JAN 28 1998
Legislators outline upcoming bills
District 10 legislators at a cracker-barrel meeting Saturday in Brandon said things are moving slowly this session at the state legislature.
But with over 600 bill requests, activity should pick up soon, Dave Munson told the 15 people who attended the meeting at the middle school.
Munson is state senator for District 10, which includes the Brandon Valley area.
Representative Roger Brooks told the people about three bills he is sponsoring.
One will dictate some guidelines for officials to warn, issue an extended warning or close down dog kennels that are in violation of state rules and will provide a bond for the kennel owner to pay for care of dogs that have been removed.
Another is to make insurance companies pay for supplies for people with diabetes.
Another is to make insurance companies report when someone cancels their insurance.
Representative Roger Hunt gave people an idea of what to expect in some of the upcoming legislative debates. On the topic of roads, Hunt said the governor is going to "go after" overweight vehicles. Hunt said South Dakota School of Mines and Technology has put out a video showing how overweight vehicles damage roads.
Hunt said, "As the governor says, it doesn't make any sense to fix the roads if overweight vehicles continue to damage them."
The legislature is trying to struggle with how to assess landowners fairly, Hunt said. The legislature will look at managed health care bills that he called mostly consumer protection bills.
Harold Arnott of Brandon spoke out against several four-lane highways the state is considering building. His wife, Ruth, said the state shouldn't pay for something it doesn't need.
Hunt said in order to get federal funding for the highways, the state is required to make them four lanes wide.
Harold Arnott also said he thinks current inheritance taxes in South Dakota are unfair.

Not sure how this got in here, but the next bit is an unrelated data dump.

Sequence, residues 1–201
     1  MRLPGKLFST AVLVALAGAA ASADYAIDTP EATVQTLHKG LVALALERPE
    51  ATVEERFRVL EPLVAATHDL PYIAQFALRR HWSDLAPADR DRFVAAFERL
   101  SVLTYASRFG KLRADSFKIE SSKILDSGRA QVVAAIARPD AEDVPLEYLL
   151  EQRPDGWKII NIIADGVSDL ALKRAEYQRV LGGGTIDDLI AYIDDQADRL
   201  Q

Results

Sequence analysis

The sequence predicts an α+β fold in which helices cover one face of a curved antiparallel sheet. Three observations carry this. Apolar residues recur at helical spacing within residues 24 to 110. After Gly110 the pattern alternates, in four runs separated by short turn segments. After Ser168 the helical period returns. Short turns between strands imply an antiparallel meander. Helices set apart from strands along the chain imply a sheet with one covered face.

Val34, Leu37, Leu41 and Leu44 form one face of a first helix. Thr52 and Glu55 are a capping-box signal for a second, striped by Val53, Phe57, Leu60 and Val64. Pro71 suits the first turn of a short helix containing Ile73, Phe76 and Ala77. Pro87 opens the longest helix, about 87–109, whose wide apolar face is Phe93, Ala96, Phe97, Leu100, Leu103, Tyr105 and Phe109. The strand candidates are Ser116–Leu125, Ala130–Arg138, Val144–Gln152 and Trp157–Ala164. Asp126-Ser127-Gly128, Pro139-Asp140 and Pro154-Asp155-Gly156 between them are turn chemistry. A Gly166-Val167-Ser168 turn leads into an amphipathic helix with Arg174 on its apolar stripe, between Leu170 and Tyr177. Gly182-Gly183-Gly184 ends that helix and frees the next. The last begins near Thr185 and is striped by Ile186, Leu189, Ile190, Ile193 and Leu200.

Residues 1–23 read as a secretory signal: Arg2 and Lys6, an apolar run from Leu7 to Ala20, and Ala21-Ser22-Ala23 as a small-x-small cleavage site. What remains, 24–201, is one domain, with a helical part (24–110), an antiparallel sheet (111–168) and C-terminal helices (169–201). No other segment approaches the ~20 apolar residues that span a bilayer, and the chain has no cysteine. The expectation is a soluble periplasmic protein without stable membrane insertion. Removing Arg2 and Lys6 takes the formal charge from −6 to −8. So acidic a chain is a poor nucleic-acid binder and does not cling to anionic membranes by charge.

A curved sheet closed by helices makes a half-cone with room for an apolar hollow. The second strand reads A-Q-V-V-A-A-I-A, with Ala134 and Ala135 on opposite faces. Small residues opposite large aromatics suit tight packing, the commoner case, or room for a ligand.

Hunt said South Dakota has one of the highest inheritance taxes in the country. He said this session will see some bills to increase the amount people can inherit without
Legislators/see page 7
Legislators meet in Brandon
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without paying tax, but the legislature would have to figure out some way to replace the money that is lost through inheritance tax cuts.
Senate Bill 3 would give $150 to schools for each student who goes through a driver's education program.
George Gulson, superintendent at Brandon Valley, said he approves of that, mostly because the Brandon Valley School District pays for its students to take driver's ed.
Hunt said the legislature will have to decide if it will make driver's ed mandatory across the state and, if so, how will the state fund it and at what rate. Several people said they would like to see the legal driving age lowered in South Dakota.
Hunt said driving age is a continuing debate in the legislature with rural people wanting the age to remain low and urban people wanting the age raised.
The next District 10 legislative coffee will be held at Harrisburg High School library this Saturday at 10a.m.
On the topic of neighborhood schools, Gulson said open enrollment means students can go to any school they want, so arguments that the Sioux Falls School District should take in land
that is now in the Brandon Valley School District are meaningless.
Brooks said that if a district takes over another district's land, it would have to assume any debt that is on it also.
Brian Majerus, executive director of Brandon Area Chamber of Commerce, asked if Minnehaha County has ever made a plan of boundaries for towns to indicate how much and in what areas the towns will grow.
Hunt said that if county entities can do that on their own, Pierre would bless it. But it probably wouldn't work for Pierre to mandate it.
However, maybe the legislature can offer a carrot of incentive to towns to make such a plan, Hunt said. "Maybe we can get more orderly development," he said.
Representative Roger Brooks, right, gestures as he talks about upcoming bills in the state legislature. Senator Dave Munson, left, and Representative Roger Hunt fielded questions from about 15 people at Saturday's District 10 legislative coffee. Photo by Alica P. Thiele
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